When David Ross plays, it’s usually because of his defense, and while that is still true, he will be the Red Sox’ catcher in Game 6 of the World Series Wednesday night at Fenway Park because he’s just as hot at the plate than he is behind it.
With the Sox hitting .205 in the Series against Cardinals pitching, Ross, who had two hits including the game-winner in Game 5, is being viewed as an offensive upgrade probably for the first time in his career.
Ross is 3 for 12 (.250) in the Series with six strikeouts, but he came on in Game 5. Jarrod Saltalamacchia is 0 for 6 in the Series with four strikeouts and made a key throwing error in Game 3.
“First of all, David has given us a spark offensively and that’s no disrespect to Salty in any way,” said manager John Farrell. “We’ve had to jump-start a couple of different positions from an offensive standpoint. And at the same time David has done a great job with the running game from a game-calling perspective.”
The Sox need one more offensive surge from their struggling lineup, which has produced enough to go ahead, three games to two, in the Series but has hit .151 if you take away David Ortiz’s 11 for 15. The Sox have a woeful .585 OPS and .268 on-base percentage, and they have scored 21 runs on 33 hits with only 11 for extra bases, including three home runs.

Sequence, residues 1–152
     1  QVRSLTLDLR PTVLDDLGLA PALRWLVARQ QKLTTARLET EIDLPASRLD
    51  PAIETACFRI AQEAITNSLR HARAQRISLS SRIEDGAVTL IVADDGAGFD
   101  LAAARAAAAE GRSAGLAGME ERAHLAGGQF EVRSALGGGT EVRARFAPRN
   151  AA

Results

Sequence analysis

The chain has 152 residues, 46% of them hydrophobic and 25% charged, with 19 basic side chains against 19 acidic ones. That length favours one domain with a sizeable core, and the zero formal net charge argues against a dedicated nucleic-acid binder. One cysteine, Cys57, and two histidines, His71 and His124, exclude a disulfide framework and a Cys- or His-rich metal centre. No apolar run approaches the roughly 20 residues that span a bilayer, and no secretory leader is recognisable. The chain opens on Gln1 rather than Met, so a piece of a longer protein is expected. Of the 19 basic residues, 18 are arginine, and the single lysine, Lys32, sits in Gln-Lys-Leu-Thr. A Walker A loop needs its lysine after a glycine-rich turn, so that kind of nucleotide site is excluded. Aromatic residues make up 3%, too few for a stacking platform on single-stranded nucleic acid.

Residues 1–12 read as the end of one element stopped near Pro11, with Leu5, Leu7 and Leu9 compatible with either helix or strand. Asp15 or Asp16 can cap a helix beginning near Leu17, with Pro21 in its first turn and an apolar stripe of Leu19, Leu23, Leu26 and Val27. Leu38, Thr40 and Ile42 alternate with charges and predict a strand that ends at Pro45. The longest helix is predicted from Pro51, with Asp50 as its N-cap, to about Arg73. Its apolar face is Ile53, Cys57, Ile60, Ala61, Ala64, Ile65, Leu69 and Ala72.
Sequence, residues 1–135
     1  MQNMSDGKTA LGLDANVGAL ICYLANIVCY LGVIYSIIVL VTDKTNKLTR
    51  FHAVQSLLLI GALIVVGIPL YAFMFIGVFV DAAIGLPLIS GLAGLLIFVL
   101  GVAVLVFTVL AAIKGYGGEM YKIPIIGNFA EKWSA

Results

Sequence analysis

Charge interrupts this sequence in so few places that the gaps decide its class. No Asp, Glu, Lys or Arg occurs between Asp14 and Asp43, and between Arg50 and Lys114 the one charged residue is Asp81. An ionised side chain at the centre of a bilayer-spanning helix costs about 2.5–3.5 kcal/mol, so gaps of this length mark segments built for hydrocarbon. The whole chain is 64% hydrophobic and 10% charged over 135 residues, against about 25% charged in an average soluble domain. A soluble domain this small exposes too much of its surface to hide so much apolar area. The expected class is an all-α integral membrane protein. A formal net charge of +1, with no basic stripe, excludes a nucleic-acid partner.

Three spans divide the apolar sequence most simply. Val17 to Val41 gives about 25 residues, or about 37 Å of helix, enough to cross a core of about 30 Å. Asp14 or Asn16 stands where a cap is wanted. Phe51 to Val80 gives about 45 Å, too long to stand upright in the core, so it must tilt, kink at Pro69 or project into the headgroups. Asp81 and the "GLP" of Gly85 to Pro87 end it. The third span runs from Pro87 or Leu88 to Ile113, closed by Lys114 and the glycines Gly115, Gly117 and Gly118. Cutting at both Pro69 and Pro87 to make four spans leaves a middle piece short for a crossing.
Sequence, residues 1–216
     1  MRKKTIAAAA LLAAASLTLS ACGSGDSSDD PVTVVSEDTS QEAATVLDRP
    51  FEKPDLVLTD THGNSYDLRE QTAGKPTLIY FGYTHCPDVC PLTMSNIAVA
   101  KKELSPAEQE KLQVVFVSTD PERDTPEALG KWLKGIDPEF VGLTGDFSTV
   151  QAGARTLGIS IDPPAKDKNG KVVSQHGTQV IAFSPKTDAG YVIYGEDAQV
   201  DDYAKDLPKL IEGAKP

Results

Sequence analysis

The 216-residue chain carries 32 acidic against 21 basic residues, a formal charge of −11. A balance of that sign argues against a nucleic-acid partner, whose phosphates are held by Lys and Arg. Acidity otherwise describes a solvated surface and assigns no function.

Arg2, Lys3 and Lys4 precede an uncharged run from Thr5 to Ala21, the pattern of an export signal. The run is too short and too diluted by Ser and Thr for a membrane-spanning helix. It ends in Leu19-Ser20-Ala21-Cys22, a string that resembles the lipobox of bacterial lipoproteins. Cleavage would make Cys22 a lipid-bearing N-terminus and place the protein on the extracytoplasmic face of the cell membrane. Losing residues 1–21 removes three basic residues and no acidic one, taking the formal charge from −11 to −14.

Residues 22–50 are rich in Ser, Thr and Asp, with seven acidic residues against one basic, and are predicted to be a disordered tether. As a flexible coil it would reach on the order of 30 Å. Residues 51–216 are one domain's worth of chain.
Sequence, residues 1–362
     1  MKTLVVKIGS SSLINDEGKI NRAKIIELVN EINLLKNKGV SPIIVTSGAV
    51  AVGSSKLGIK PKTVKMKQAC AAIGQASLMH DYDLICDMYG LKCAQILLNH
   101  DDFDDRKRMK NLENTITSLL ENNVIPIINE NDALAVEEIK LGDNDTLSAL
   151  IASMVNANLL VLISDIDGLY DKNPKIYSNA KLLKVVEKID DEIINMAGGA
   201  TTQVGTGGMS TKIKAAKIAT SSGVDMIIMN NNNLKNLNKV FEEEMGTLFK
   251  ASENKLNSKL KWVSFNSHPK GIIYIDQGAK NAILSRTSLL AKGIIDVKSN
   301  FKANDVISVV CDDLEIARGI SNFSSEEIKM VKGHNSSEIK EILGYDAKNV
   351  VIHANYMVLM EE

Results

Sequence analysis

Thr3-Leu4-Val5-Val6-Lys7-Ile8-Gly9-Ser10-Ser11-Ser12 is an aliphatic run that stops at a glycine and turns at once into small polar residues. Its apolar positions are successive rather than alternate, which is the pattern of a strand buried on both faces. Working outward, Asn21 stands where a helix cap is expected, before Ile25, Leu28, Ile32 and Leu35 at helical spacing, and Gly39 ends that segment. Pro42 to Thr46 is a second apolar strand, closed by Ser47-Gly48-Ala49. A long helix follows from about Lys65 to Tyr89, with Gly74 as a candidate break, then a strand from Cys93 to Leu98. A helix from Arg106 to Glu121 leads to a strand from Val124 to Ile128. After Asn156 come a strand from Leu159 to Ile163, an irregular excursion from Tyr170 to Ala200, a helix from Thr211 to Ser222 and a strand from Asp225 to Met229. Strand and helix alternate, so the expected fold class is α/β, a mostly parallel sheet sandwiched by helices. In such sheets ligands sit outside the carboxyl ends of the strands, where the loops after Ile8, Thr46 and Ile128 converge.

There’s no other way to explain this other than to point to the elite pitching that has taken over a Series in which the teams are hitting a combined .212. Both sides have tried lineup changes and shifting in the order to no avail.
The Red Sox will get Mike Napoli, who was benched in St. Louis because of the no-DH rule, with the Sox having to use Ortiz at first base, and Shane Victorino, who has been dealing with a back issue, back in their lineup. Farrell will go with his good-luck charm, Jonny Gomes, in left field against the tough Michael Wacha, who is brutal on lefties with his changeup.
It behooves the Red Sox to go all-out to win Game 6 because the projected Game 7 pitching matchup of Jake Peavy vs. the Cardinals’ Joe Kelly doesn’t seem to favor Boston.